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Review for Shocking Pink

Shocking PinkShocking Pink by Erica Spindler
My rating: 3 of 5 stars

I bought Shocking Pink at a second-hand bookstore five years ago. It had a great cover and an alluring blurb, so why did it take me so long to read it? Who knows? But now I have finally read it and ultimately I am glad I did. The story starts with one of those fantastic prologues that hooks you right in to the story. A body is found in an empty house. She is young, beautiful, and the cop working the case knows who she is. Then the story flashes back to the 80s where we meet three friends, Andie—the sensible friend, Raven—the risk-taking, over-protective, abrasive friend, and poor Julie, who is from an overly religious emotionally abusive home and has the emotional problems you would expect. We follow these girls through their respective troubled high school lives, and we see them stumble onto some very naughty S&M taking place in an empty house in an in-progress housing development. The three girls react very differently to the forbidden actions they see, and it affects their relationship with each other, with their families. This initial introduction, though enticing, rung hollow for only one reason: the dialogue was unconvincing. It didn't sound like the real speech of 15-year old girls, the thoughts did not sounds real, and it was very distracting.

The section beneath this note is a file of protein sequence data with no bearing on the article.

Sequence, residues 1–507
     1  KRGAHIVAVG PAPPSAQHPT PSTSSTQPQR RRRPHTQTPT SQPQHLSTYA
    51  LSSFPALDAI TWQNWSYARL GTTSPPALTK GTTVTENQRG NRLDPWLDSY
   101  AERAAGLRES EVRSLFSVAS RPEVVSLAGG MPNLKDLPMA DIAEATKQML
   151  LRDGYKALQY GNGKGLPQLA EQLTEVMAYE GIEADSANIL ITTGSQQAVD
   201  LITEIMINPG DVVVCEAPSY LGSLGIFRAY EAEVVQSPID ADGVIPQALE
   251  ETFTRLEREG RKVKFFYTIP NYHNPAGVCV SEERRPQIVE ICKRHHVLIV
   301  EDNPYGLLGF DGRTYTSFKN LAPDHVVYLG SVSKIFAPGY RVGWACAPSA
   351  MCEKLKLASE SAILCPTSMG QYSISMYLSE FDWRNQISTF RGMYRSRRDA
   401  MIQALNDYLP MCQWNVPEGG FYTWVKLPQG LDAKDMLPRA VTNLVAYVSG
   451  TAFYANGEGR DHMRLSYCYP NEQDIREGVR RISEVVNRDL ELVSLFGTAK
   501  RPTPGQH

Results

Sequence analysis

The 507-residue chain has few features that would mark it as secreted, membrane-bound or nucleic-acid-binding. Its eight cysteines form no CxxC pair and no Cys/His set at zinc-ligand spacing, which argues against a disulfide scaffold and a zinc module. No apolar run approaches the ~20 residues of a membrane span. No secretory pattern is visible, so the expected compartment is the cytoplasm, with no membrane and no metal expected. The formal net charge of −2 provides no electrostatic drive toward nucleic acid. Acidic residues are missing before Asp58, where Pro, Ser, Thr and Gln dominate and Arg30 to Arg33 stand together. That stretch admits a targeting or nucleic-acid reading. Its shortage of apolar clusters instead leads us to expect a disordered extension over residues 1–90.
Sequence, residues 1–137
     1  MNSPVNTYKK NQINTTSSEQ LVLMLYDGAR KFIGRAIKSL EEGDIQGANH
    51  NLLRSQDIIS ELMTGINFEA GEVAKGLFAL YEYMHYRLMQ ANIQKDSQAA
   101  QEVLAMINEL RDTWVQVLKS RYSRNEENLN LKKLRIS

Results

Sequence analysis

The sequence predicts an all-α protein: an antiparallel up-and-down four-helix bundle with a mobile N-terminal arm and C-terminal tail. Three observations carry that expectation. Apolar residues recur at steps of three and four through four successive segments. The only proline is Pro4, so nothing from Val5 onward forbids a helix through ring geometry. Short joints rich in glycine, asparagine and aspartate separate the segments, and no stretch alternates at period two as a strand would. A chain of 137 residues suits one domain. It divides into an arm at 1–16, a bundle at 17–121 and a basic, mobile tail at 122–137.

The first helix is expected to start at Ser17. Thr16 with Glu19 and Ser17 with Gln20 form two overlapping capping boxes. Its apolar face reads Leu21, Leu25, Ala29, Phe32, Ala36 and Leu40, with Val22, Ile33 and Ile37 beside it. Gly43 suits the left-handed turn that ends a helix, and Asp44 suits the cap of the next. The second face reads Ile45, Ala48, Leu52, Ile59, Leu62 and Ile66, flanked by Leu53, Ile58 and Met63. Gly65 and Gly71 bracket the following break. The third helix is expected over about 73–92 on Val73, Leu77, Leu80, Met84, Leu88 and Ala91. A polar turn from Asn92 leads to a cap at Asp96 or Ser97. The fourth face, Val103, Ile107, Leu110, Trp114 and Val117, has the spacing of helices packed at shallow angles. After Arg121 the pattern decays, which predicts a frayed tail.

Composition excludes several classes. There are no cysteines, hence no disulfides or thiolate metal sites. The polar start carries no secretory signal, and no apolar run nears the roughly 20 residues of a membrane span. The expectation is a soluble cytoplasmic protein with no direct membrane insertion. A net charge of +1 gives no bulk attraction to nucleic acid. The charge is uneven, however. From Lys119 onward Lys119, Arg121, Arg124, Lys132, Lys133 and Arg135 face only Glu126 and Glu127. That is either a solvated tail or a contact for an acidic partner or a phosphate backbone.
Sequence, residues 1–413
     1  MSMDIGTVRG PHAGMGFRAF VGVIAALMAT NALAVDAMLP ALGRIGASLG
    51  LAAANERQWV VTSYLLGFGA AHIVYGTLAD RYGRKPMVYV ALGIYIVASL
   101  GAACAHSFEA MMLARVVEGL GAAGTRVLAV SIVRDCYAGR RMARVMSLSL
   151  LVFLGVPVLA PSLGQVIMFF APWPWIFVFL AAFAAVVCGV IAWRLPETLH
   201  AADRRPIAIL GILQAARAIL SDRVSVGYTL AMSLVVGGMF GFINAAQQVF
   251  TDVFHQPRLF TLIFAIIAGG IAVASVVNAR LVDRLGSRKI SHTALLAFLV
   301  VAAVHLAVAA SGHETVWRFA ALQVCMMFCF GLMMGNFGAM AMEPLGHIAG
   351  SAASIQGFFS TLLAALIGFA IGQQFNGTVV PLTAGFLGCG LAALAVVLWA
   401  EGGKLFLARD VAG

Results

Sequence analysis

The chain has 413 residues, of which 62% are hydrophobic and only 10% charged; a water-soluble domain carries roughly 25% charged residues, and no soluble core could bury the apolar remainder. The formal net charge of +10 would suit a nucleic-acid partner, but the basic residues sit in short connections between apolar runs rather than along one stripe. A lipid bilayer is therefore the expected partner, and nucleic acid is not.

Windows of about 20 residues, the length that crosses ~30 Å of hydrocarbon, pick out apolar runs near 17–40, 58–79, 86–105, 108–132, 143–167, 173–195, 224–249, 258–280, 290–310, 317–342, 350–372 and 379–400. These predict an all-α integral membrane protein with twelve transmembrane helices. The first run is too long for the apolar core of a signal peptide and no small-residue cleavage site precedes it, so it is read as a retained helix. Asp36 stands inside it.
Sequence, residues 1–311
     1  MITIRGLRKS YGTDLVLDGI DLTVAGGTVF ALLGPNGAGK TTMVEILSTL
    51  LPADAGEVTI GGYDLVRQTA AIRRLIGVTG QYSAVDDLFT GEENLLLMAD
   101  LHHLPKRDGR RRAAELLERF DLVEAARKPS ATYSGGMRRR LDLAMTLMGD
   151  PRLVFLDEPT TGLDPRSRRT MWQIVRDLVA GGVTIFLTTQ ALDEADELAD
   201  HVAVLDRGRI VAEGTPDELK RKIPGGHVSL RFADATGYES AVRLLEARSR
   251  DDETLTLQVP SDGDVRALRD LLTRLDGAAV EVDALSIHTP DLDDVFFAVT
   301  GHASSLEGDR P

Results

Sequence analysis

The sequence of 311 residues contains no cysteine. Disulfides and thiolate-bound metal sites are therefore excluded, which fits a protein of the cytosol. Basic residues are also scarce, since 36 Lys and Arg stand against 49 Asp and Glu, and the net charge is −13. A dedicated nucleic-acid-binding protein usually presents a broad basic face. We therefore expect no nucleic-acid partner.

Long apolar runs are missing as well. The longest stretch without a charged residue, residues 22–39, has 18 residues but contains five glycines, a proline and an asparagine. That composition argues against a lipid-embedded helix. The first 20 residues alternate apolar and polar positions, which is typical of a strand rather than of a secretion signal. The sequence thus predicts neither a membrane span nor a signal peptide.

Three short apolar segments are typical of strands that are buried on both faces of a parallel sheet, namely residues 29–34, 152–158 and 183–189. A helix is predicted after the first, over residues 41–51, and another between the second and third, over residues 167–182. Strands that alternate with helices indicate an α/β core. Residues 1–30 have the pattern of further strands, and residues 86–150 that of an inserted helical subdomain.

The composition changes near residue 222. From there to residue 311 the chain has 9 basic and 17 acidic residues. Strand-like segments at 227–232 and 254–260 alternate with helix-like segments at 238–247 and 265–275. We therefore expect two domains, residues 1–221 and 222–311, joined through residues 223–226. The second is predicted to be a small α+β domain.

After the woman in the S&M trysts is found murdered, the story jolts forward. The three friends are now 30 years old and their lives have unfolded in predictable ways. Andie is still reliable, now working as a psychologist. Raven is still a detached ice queen with her own business (certainly she would never work for anyone else), and poor Julie hops from one man to another. It is this second half of the book that I found to be the most entertaining, as it was not plagued by that pesky dialogue problem. I enjoyed the story, loved the characters, and would read it again.

I only have one concern. I am hoping that Erica Spindler did not intend the killer to be a surprise. I can't tell if she intended to make it obvious for the reader. If so, she did a masterful job. I saw very clearly that Andie was blinded to what was happening, even though she was a psychologist and should have damn well seen it all along. It was her fatal flaw. So if that was the intent, it worked great. But if Spindler was crafting her characters as if the reader should be as gob smacked as Andie was by the big reveal, then that is absolutely not the case. So while not a whodunnit, I really enjoyed coming along for the rise. Erotic thrillers typically aren't my thing, but I'd say this was a nice way to get acquainted with the genre.

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